First off the blocks and still going strong
Diana Do (BBIS 1994) embarked on a career in IT well ahead of the dot-com boom. After completing her degree, she made her way across various industries, from airlines to mining companies to banks. And now software development. Managing a diversity of projects in which she could explore future technology has kept her job fresh over the years.
“I’ve always been interested in the dynamics of the corporate world – business processes and the technical infrastructure that shapes an organisation,” she reveals. “I love challenges, the different nature of each project, and my interaction with vendors and stakeholders. Hence, my longevity in this industry.”
Diana’s journey has taken her overseas, giving her insight into how organisations operate in other countries. “I’ve observed how different cultures influence the way people work,” she says. “And I’ve had a chance to travel around the world with different companies, presenting my ideas to top management.”
Now a Project Manager at QSR International in Melbourne, Diana’s primary focus is business transformation projects. “I’m responsible for projects that involve cross-functional teams – ones that bring change impacting the entire organisation,” she explains. “I follow them from inception to delivery so it’s quite rewarding when projects go live.”
Diana describes how the industry-based learning (IBL) program at Monash guided her professionally: "I had one IBL placement at DMR Consulting where I debugged programs and another at IBM where I was part of the marketing team for their mainframes. Working for different companies and doing different types of work helped me determine the right career path.”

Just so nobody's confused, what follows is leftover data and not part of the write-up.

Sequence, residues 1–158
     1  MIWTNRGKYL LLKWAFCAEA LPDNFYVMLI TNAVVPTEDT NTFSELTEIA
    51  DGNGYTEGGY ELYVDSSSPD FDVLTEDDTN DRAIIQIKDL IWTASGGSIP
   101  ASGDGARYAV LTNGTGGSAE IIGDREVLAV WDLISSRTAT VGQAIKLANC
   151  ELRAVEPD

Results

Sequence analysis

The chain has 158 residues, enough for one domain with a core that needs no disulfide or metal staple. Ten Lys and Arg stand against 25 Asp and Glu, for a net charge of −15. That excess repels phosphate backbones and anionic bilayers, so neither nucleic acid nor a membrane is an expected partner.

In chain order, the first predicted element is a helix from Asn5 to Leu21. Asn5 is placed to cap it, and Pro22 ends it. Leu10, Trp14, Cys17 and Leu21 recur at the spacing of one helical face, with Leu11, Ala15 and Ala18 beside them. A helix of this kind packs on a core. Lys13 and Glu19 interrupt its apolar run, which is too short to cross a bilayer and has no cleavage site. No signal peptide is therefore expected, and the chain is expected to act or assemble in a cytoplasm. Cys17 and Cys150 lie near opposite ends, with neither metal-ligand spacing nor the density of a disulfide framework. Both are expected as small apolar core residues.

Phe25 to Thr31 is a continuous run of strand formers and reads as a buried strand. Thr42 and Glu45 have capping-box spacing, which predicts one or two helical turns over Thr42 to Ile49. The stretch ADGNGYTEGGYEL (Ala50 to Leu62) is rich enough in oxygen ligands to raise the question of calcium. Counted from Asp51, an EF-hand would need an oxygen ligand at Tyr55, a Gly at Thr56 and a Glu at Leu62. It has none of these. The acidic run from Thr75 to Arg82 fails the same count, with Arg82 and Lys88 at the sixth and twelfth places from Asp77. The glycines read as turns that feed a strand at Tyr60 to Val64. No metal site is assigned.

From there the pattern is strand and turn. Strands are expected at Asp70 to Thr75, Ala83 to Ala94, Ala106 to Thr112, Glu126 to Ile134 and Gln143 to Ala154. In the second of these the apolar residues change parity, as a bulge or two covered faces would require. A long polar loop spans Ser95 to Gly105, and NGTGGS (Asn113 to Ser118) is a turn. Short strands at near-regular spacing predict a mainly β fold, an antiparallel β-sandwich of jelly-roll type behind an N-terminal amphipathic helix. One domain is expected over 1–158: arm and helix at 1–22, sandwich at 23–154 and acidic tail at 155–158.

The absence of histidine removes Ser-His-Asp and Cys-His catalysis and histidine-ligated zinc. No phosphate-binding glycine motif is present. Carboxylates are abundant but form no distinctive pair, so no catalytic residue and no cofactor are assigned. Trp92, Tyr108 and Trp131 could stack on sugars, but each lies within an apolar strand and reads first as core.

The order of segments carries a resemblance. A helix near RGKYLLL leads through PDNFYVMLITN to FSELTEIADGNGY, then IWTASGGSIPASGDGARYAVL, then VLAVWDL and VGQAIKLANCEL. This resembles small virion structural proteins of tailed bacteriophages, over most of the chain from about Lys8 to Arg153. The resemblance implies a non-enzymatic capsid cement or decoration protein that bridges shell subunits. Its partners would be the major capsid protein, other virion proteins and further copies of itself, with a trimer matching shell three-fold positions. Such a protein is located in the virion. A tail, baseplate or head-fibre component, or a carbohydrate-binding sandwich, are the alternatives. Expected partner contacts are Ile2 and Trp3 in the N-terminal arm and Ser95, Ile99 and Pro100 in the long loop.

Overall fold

She encourages everyone to take advantage of the IBL program. “Explore what you really want to do by asking for more challenges,” she advises. “Don’t accept doing repetitive manual tasks every day. Always ask, ‘What can be a better way that I can do this? How can I optimise or automate this?’”
Over the course of her career, Diana has witnessed the ascent of the internet. “When I first started working, I met a network engineer who predicted that we’d ultimately find everything we need to know on the ‘information highway’, or what we now know as the internet,” she shares. “Soon everything will be cloud based.”
Diana hopes that one day we can pick up speed along our information highway, enabling us to access data, and communicate, even more quickly. A modest wish from someone who has traversed the digital revolution.